Apr 22, 2009
Cropsey admits he sabotaged the workplace smoking ban in the conference committee
LANSING -- Sen. Alan Cropsey, R-DeWitt, admitted on the Senate floor Wednesday that the workplace smoking ban bill died in the conference committee last December because he refused to compromise.
As you recall, the House passed a version in December of 2007 that included exceptions for casinos and others, and the Senate passed a complete ban in May after intense pressure from non-smoking advocates finally forced a vote. A bipartisan, bicameral conference committee was then formed to work out the differences between the two versions, and it presents that compromise to their respective bodies for an up or down vote. A workable compromise was reached in December, but the three Republican members - who voted against the ban - refused to even consider it. Clearly, they had no intention of trying to work out a compromise, and Cropsey confirmed that Wednesday.
“Now when it came to conference committee, the previous speaker was on the committee, I was on the committee, and I took the Senate version and said if we aren’t going to look at the property rights issues, if we are going to look at the public health issue, then let’s do what is right for public health and have the total ban on smoking, “ Cropsey said Wednesday. “You know, I was the only person on that conference committee who held tight to that position—the Senate position.”
In other words, Cropsey, who voted against Senate version he upheld, refused to compromise on a committee whose function it was to reach a compromise. Even though the majority of Michigan residents support a smoking ban, Senate Majority Leader Mike Bishop doesn’t, and that’s why he appointed two Republican members to the committee who voted against the bill.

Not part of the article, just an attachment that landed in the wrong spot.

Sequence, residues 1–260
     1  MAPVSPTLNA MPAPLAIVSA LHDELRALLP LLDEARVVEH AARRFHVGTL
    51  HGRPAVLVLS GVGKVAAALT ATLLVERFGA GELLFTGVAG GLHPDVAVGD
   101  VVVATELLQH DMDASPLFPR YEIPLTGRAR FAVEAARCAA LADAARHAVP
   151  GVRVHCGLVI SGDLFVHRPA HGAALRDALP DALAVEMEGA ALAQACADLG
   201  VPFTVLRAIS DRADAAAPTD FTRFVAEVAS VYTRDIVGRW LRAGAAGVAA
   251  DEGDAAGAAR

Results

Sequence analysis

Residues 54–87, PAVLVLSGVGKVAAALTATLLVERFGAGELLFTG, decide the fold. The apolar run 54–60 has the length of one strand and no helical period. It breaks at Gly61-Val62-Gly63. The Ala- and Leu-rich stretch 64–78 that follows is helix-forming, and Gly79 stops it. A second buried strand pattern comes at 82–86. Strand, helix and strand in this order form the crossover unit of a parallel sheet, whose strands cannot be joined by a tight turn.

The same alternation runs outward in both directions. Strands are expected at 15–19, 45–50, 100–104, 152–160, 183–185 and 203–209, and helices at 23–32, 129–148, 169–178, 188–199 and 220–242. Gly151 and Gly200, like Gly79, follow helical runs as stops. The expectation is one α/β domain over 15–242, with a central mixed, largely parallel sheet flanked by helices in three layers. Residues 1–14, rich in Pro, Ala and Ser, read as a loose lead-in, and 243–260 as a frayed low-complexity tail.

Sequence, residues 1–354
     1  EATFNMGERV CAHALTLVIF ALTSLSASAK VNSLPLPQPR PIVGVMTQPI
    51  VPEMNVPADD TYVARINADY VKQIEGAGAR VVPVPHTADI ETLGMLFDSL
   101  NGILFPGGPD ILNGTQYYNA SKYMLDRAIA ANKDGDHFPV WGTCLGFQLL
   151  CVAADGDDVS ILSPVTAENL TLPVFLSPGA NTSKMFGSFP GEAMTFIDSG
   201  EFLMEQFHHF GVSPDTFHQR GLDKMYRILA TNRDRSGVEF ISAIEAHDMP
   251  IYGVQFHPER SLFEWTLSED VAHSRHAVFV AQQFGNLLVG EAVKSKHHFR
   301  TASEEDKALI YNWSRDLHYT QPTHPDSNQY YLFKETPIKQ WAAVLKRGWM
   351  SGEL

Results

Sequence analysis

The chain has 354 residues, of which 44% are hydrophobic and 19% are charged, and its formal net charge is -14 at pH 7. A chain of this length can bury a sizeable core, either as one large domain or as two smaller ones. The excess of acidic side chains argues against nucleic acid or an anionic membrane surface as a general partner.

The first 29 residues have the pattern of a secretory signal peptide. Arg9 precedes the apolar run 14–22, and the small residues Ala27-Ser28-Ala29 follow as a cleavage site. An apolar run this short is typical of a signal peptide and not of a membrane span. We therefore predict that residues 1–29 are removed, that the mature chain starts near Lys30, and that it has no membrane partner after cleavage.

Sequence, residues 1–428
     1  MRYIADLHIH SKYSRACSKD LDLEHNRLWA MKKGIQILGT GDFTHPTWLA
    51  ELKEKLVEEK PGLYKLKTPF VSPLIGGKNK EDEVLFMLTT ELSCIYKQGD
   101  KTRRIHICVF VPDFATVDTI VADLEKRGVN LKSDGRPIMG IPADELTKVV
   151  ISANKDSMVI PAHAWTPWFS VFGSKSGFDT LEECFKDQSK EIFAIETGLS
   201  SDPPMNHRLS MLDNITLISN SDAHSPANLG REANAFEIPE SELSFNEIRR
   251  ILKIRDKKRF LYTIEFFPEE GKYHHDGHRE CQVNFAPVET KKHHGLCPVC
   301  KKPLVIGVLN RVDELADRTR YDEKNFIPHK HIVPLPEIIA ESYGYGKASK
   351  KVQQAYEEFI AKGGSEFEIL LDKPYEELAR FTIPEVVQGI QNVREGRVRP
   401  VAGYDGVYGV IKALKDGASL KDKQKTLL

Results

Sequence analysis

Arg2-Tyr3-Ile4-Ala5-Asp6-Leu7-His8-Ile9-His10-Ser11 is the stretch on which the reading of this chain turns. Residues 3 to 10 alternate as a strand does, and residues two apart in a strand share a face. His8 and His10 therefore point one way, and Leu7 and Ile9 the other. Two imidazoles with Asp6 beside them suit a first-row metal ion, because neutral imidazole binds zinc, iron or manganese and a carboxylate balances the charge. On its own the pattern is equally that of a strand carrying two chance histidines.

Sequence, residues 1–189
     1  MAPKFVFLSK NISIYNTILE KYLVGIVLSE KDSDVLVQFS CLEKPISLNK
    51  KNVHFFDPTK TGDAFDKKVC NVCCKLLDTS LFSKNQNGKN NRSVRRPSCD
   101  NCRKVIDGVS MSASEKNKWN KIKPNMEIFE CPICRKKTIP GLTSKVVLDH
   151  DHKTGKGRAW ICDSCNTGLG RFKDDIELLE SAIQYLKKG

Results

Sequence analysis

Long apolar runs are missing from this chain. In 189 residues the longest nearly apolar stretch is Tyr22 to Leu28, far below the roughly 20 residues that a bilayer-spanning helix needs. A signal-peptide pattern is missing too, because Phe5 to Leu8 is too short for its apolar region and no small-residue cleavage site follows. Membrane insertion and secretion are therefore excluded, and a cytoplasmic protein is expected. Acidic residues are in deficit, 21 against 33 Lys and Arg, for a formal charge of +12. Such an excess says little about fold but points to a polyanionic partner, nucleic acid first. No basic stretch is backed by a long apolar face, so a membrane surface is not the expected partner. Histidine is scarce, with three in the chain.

The debate was spurred by plans by Sen. Tupac Hunter, D-Detroit, to introduce a bill to place a smoking ban on the statewide ballot in 2010.
“As you all know, for the past 10 years, the Legislature has tried to pass a smoke-free worksite bill that will protect our citizens against harmful smoking-related diseases and lung cancer. Hunter said. “Unfortunately, these efforts have consistently failed, and due to disagreements regarding exemptions for casinos, bars, or restaurants, Michigan has yet to see a solution to this problem.”
The bill would do away with the requirements for collecting signatures. The cost to do that could be in the millions, and even though the majority of people support the ban, tobacco companies will spend millions to fight it.
“I don’t believe that we should pass watered-down legislation full of concessions that bend and bow to the influence of special interests,” Hunter said. “The only interest that I am concerned about today and as we move forward is that of the citizens we all serve across this great state of Michigan.”
The only problem is Bishop can kill this bill like he did the smoking ban bill. Only the intense pressure from the supporters of the ban forced him to allow a vote last year. In fact, I think it’s that pressure that led Hunter to introduce the bill. However, it will be interesting to see what excuse Bishop comes up with to kill this bill.
Sen. Ray Basham, D-Taylor, a co-sponsor of Hunter’s bill, as well as the smoking ban bill, Senate Bill 114, urged the Senate to hold hearings on both bills.
“For my entire legislative career, I have fought on behalf of a majority of Michigan’s citizens who feel Michigan workplaces should be smokefree, only to have my concerns fall on deaf ears or be drowned out by special interests,” he said. “I had hoped to protect the health of Michigan workers through state legislation, but I am confident that if we let the people of Michigan decide at the ballot box, we can finally move Michigan forward on this issue.”